Book Review: The Secret of Magic

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And, sure enough, Mississippi is a tragedy. The state of it is. These people won’t do a thing about Joe Howard…why, I’ve known them all my life. They’ve known me. They knew him. A place like Revere – it’s not like Memphis or Jackson or New Orleans. Everybody’s in everybody else’s business here. White ones and black ones, we all played together. Dreamed our little dreams together, concocted our lives. Up until we were ten, that is. After that, we split up. White ones going on to school. Black ones mostly out to the fields. White ones sifting themselves into your good folk and good-for-nothing folks. Sure as black from white, this happened too. But that didn’t stop us from knowing each other, if you understand what I mean. (Willie Willie, pg. 275)

The Secret of Magic opens with a tale that immediately draws you in and keeps you on the edge of your seat. Joe Howard, beloved and devoted son of Willie, Willie, is heading home to Mississippi after completing his WWII service in Italy in 1945.  He is taking a bus to Revere and calls his father, as promised, when the bus makes a stop.  Already taking a different route home, the confusion continues when a white police officer demands that he and all the other blacks give up their seats and get off the bus to make room for German POWs.  Joe Howard is returning home a highly decorated soldier, and therefore refuses to give up his seat for the men he fought against. Two weeks later, his body washes up on the banks of the Mississippi River.

Regina Robichard is a young lawyer working for Thurgood Marshall in New York. When she opens a very intriguing letter requesting an investigation into the death of Joe Howard, her interest is quite piqued. The author of the letter is written by the M.P. Calhoun. Well, Calhoun had written a book called The Secret of Magic which was a story Regina loved dearly as a child. The book was about black and white children playing together in a magical and mysterious forest. She convinces Thurgood she needs to be the person to go down south to investigate, in great part because of her eagerness to meet the reclusive M.P. Calhoun. M.P. Calhoun’s interest in this case is due to the close relationship with Joe Howard’s father, Willie Willie – he has been a long time servant to the Calhoun’s.

Regina’s first shock is that M.P. actually stands for Mary Pickett, therefore stunning her with the realization that the author of “The Secret of Magic” is a woman. The second realization is how much of the residents of Revere resemble many of the characters in the story of “The Secret of Magic”. Also, once down in Mississippi, Regina finds that nothing in the South is as it seems. Her impressions of race relations is vastly different and challenged here in Revere and she finds herself navigating the complexities of racism, relationships, and her own tragic past.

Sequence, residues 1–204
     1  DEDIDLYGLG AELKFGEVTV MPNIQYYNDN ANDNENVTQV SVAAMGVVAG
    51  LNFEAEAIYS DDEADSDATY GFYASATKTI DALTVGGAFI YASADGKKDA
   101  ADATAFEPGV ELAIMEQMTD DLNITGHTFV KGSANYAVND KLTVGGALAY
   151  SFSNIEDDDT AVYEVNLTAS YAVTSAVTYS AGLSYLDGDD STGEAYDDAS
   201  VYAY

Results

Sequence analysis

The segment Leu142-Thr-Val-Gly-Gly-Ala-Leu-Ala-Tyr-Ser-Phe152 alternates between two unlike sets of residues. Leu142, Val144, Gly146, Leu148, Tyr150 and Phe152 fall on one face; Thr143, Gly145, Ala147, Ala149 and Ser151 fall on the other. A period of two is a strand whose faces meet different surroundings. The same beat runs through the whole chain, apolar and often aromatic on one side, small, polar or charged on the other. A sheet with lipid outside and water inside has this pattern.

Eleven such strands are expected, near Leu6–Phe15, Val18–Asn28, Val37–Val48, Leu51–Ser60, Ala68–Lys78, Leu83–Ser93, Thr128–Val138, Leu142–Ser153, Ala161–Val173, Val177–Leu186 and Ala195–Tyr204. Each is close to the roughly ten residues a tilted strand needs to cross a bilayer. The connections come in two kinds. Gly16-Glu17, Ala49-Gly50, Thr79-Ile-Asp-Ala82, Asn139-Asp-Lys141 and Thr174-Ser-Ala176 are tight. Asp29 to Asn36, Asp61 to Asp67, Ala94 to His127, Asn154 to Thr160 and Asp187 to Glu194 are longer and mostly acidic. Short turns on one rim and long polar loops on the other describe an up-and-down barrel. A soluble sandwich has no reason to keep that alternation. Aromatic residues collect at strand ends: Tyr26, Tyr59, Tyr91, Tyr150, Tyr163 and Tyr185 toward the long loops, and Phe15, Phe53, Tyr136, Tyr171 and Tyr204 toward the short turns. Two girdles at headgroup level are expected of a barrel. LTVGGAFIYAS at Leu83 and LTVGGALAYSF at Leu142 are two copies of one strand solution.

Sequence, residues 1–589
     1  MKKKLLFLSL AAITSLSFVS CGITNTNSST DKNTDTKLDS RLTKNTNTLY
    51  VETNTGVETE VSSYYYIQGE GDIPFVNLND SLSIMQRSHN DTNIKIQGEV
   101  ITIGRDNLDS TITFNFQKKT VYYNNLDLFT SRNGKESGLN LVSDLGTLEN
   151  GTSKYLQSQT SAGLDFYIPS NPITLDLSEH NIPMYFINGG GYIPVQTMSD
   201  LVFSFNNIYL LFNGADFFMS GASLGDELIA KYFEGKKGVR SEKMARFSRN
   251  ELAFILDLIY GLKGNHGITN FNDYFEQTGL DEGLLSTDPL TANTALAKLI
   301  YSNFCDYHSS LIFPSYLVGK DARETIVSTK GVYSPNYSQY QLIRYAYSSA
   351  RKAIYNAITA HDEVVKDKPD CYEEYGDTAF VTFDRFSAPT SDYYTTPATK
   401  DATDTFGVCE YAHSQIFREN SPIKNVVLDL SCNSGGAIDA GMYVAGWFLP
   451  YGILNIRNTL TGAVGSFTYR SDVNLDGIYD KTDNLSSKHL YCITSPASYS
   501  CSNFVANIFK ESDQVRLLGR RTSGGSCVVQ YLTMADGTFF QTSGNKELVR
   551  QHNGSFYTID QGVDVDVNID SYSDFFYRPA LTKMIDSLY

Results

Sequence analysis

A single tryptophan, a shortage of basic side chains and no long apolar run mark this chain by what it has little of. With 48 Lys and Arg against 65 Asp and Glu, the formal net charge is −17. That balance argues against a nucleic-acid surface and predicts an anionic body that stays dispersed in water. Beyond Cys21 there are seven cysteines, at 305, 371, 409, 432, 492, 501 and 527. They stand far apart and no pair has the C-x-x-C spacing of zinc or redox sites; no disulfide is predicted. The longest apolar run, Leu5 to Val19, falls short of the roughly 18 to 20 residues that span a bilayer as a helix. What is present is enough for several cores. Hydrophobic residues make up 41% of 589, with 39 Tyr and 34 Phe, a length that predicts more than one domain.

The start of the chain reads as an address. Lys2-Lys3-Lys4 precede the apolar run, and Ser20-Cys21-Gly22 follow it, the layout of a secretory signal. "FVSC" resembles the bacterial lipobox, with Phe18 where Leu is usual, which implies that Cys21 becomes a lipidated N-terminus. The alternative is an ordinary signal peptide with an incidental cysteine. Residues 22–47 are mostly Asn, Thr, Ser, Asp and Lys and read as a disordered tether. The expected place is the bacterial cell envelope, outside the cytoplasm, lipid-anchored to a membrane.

Throughout Regina’s time in Revere, Johnson interweaves the book “The Secret of Magic” written by M. P. Calhoun. As the story progresses, Regina loses the impartiality needed to bring this case to justice. It also becomes mired in Regina’s personal tale and as more of the book, The Secret of Magic is weaved into the story of investigating Joe Howard’s death, the more the overall story starts to drag.

I feel that Shelleyrae at Book’d Out provided a succinct review on Goodreads of The Secret of Magic and further touches upon many of the points I wished to express here. The Secret of Magic does open with great power, energy and suspense, but ebbs and slows in the middle. The characters as well are indeed wonderfully drawn and the ending fully redeems itself with a very powerful close, one that is quite satisfying. What also adds to its impact is the Author’s Note explaining the actual people this story was based upon and the author’s personal reasons for writing this story.

I included Willie Willie’s quote at the top of this post as I think it brings attention to the message that Johnson is expressing in The Secret of Magic – that of the relationships between black and white at that time. These relationships were ones that Regina has difficulty understanding. While Mary Pickett claims to wish to further investigate Joe Howard’s death, all because of her love and respect for Willie Willie, it becomes quite obvious everyone already knows who killed Joe Howard, and why. There will never be a case opened for his death, it will not be re-tried. Case is closed. Bottom line, as fond as Mary Pickett is of Willie Willie and Joe Howard, and how deep and far back their history goes Joe Howard forgot his place. He spoke out of turn, forgot his place and felt himself superior to his white “owners”.  As fond as Mary Pickett spoke of Willie Willie, she still referred to him as “hers”, something that Regina could not overcome hold her in the regard she previously held her in. Regina was saddened to realize so much had really not changed, nor would it ever.

The Secret of Magic was a great story, important and powerfully told and while it slowed some in the middle, did end with a strong and satisfying finish. 4 stars, it was an excellent read.

Literary Hoarders Penny rev